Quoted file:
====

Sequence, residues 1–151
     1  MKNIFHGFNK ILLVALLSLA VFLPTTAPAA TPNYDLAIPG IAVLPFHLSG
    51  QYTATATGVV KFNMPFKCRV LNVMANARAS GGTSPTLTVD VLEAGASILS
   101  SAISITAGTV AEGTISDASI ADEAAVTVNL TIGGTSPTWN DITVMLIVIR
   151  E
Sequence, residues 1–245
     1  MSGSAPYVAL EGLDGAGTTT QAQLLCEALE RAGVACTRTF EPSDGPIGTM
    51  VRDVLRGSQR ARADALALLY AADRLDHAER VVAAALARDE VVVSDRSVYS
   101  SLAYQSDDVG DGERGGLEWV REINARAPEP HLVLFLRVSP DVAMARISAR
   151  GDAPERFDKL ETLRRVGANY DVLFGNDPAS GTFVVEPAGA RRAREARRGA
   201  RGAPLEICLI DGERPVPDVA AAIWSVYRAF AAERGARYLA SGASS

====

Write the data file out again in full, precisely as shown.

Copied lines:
Sequence, residues 1–151
     1  MKNIFHGFNK ILLVALLSLA VFLPTTAPAA TPNYDLAIPG IAVLPFHLSG
    51  QYTATATGVV KFNMPFKCRV LNVMANARAS GGTSPTLTVD VLEAGASILS
   101  SAISITAGTV AEGTISDASI ADEAAVTVNL TIGGTSPTWN DITVMLIVIR
   151  E
Sequence, residues 1–245
     1  MSGSAPYVAL EGLDGAGTTT QAQLLCEALE RAGVACTRTF EPSDGPIGTM
    51  VRDVLRGSQR ARADALALLY AADRLDHAER VVAAALARDE VVVSDRSVYS
   101  SLAYQSDDVG DGERGGLEWV REINARAPEP HLVLFLRVSP DVAMARISAR
   151  GDAPERFDKL ETLRRVGANY DVLFGNDPAS GTFVVEPAGA RRAREARRGA
   201  RGAPLEICLI DGERPVPDVA AAIWSVYRAF AAERGARYLA SGASS